Home / Music / Music Review: Ameranouche Trio Awake

Music Review: Ameranouche Trio Awake

Please Share...Print this pageTweet about this on TwitterShare on Facebook0Share on Google+0Pin on Pinterest0Share on Tumblr0Share on StumbleUpon0Share on Reddit0Email this to someone

One of the most amazing things about the guitar is the diversity of sounds and music that it can create. As a generation raised on electric and pop music we've been woefully underexposed to just what this instrument is capable of. Even the most causal listen to those performing in the classical or jazz genres would be enough to open one's eyes to its potential. Anyone looking for an approachable, yet interesting and exciting, introduction to one of the guitar's other worlds, should pick up the latest release by the New England based trio Ameranouche, and experience what they have to offer.

Awake is their second CD and it's a sterling example of how a guitar can be exciting without the use of an effects box or feedback. For eleven tracks Richard Sheppard on lead guitar, Ryan Flaherty on rhythm guitar, and Xar Adelberg on stand up bass, pluck, strum, and pick out a mixture of swing, flamenco, and jazz influenced guitar that picks you up right from the first note and doesn't stop moving until the last. Even better is the fact it's obvious they're having fun with what they're doing making it impossible as a listener not to get caught up in their pleasure and excitement.

I have to admit to a rather limited exposure to what's known as Gypsy Jazz, so I'm not in a position to compare Ameranouche's capability of performing that genre with other artists working in a similar vein, or to comment on it within that context. However that doesn't prevent me from being able to appreciate the talent level on display and the fact that they are obviously highly proficient at what they are doing. What I heard when listening to Awake was something that sounded like it had a foot in both the Old and New worlds. The sharp staccato syllables of a flamenco beat blended with the melodic trills of jazz guitar and a grounding bass line are examples of how they draw upon the old to inspire the new in order to create something that sounds familiar, but which still catches you by surprise.
Ameranouche Promo Picture_sm.jpg

It's very rare to find a trio in popular music that doesn't have one person as its central focus with the other two musicians serving as support. Heck, that's the case with most bands these days no matter how many members; there's a couple of leads and than the rest of them. That's definitely not the case with the Ameranouche Trio. For although Sheppard plays the leads on each song, there is never the impression that he is the lead. In part this could be due to the fact that they have recorded both guitars at the same volume ensuring the listener can always hear both Flaherty and Sheppard, but I think there's something more involved. For it's not just the guitars you can hear clearly at all times, but you're also aware of the job Adelberg is doing with her bass to tie her two flamboyant band mates together.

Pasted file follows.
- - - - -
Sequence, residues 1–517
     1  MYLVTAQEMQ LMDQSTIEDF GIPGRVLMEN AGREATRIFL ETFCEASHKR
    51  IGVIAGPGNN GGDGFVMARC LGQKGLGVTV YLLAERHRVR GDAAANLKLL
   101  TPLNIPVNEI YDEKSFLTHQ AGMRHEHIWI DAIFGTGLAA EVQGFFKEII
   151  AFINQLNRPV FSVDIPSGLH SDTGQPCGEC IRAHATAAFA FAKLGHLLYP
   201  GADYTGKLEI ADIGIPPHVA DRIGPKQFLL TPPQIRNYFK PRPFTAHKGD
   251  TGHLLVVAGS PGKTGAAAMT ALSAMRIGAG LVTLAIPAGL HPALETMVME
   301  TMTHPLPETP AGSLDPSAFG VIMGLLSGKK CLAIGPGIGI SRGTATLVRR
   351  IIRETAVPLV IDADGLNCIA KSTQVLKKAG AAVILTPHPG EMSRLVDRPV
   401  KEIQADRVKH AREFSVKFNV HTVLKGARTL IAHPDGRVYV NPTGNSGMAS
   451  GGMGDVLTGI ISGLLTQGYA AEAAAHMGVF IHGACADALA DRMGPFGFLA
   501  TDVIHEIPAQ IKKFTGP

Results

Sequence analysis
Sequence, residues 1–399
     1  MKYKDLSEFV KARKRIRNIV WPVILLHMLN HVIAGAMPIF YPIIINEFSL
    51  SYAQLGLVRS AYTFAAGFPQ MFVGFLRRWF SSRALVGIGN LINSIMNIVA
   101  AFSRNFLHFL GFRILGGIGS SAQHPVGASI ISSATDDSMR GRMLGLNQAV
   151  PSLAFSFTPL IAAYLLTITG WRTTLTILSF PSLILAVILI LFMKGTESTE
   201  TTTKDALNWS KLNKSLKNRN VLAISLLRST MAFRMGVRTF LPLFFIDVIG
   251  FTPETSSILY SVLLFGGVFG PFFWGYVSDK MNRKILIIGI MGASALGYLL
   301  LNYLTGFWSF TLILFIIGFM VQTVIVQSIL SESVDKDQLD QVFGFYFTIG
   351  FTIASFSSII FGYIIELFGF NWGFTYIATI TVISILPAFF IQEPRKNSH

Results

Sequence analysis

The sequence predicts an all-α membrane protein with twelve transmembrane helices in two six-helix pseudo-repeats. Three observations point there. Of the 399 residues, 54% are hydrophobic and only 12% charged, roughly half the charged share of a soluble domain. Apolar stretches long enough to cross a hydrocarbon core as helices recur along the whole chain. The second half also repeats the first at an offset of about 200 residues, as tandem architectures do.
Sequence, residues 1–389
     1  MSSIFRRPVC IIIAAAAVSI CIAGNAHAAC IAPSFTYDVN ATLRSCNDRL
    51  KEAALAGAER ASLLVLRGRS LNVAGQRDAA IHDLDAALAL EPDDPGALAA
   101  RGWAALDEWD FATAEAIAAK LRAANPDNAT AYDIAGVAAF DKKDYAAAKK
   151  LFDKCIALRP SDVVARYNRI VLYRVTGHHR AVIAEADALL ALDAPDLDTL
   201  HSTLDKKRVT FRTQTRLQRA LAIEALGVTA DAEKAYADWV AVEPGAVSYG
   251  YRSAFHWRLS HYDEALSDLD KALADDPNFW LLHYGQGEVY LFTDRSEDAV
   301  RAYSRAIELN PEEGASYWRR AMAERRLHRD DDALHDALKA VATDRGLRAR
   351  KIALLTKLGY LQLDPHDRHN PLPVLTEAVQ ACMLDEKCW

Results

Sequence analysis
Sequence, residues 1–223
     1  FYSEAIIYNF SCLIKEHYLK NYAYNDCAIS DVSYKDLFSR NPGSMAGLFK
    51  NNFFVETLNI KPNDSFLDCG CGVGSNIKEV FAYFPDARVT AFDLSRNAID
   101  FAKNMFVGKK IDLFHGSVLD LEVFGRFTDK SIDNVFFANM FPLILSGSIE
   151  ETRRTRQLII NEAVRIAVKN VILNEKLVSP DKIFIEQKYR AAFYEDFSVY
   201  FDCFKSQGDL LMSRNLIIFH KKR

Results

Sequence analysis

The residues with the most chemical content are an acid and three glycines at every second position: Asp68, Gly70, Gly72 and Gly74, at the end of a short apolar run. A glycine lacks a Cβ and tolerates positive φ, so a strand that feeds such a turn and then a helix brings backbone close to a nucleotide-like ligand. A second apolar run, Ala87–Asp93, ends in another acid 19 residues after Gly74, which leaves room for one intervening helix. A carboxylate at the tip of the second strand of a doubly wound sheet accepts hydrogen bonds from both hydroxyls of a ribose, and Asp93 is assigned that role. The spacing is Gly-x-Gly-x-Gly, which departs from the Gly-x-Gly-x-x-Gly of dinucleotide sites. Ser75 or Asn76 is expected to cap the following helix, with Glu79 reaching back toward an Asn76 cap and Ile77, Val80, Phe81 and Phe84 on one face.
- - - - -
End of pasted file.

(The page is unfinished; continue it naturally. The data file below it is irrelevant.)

Listeners, like me, who aren't used to hearing three distinct parts being played at once might find the music on Awake a little disconcerting at first. A normal tendency is to want to latch on to the most prominent sound we hear and follow it while letting everything else fade into the background. Normally that sort of thing is engineered in the studio by the producer, so the "lead" receives most of a listener's attention. In this case though you have two, if not three, different sounds, of which none are dominate, so you can't just follow one of them. However, once you recover from this initial state of confusion, you'll discover something really astounding – you are listening to all three at once as a single entity; a piece of music instead of a collection of solos.

The opening track of the disc, "Ameranouche Swing" is a great example of this for right from the start you are aware of all three musicians. Sheppard is picking out a complex and fiery series of notes that twist and twirl around the steady chop laid down by Flaherety, while Adelberg's bass isn't so much heard as felt running, pulse like, underneath. What I found most refreshing about the band was their ability to change moods from cut to cut without it effecting their intensity. So even though on the third track, "Awake", Sheppard's playing hasn't lost anything in the way of speed or flair, there's something about what Adelberg and Flaherety are doing with the rhythm that give the song a more relaxed, mellow feel. It's a fine example of how well they each complement the others in creating something greater than what each individual is playing.